For the third week in a row, we are publishing our thoughts on central bank activity. We try our best to diversify topics in these notes, but as we’ve continued to highlight (and with last week proving our thesis correct), it is central banks that have become the main driver of financial market behavior in the current environment.
All three major central banks around the world (Bank of Japan, European Central Bank and Federal Reserve) met or spoke publicly last week. And even though no explicit policy action was taken, their words were more than enough to move markets. In all three cases, the leaders of the institutions articulated that they stand ready to take additional easing action should it be necessary to support their economies. These words provided a boost to stocks, a boost to bonds…a boost to pretty much everything.
For the Fed specifically, the committee expects to cut interest rates by 0.50% in the coming quarters. This expectation affirmed what the bond market has been pricing-in for the last several weeks. It also gave a boost to equities and other risk assets, as the action shows the FOMC is committed to keeping this economy growing in whatever way it can.
For bonds, short-term interest rates (think 2-year bonds) fell significantly while longer-term rates (10+ years) rose slightly. This “steepening” of the yield curve tells us that the rally we’ve seen in long-term bond yields in 2019 is closer to its end than its beginning, and that we are likely to settle in to a range bound trading environment from here.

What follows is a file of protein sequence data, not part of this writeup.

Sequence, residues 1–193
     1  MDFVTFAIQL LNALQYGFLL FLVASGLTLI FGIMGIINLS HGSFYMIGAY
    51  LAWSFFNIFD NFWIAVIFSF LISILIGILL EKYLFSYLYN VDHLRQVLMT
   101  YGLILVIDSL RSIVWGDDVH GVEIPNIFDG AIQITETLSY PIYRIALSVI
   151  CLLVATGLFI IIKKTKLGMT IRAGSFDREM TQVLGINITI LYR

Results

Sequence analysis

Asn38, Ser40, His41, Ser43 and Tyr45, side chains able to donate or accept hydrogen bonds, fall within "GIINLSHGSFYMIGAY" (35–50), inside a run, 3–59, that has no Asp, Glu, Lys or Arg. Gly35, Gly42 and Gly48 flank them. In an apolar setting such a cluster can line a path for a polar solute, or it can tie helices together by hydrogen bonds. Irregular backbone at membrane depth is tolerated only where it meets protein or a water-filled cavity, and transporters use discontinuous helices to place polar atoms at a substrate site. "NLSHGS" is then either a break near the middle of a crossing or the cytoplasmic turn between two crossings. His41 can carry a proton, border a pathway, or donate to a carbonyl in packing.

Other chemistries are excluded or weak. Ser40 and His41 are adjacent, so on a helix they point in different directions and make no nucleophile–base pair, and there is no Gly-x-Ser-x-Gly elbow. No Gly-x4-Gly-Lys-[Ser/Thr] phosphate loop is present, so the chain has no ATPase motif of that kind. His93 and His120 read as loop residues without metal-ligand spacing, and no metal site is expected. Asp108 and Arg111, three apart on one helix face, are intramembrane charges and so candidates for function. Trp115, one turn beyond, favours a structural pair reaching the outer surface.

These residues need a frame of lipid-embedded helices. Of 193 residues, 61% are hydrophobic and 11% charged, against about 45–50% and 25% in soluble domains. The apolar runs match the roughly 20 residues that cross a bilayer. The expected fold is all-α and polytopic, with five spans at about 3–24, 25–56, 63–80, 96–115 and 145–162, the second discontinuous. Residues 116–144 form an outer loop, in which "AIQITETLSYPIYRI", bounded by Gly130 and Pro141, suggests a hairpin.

For risk assets (think equities and credit products), the story is not so simple. Fundamentals are weakening, and the question becomes whether assurances for future monetary policy easing will be enough to halt the slowdown. That is, will fed easing later this year be too little, too late to arrest weakening in US and global economies? The next round of economic data hits in early July and is expected to be relatively tepid. We will hear from corporate America during Q2 earnings season. And let’s not forget the U.S./China meeting at the G20 next week.
So, while the picture for bonds is seemingly straightforward, the situation for risk assets is fluid. Several of our risk bets have paid off (short-BBB corps, natural gas pre-pays, housing and our taxable muni overweight), and we have dry powder. We are staying conservative, liquid and ready to act on any opportunity that comes about as politicians and policymakers attempt to thread the needle.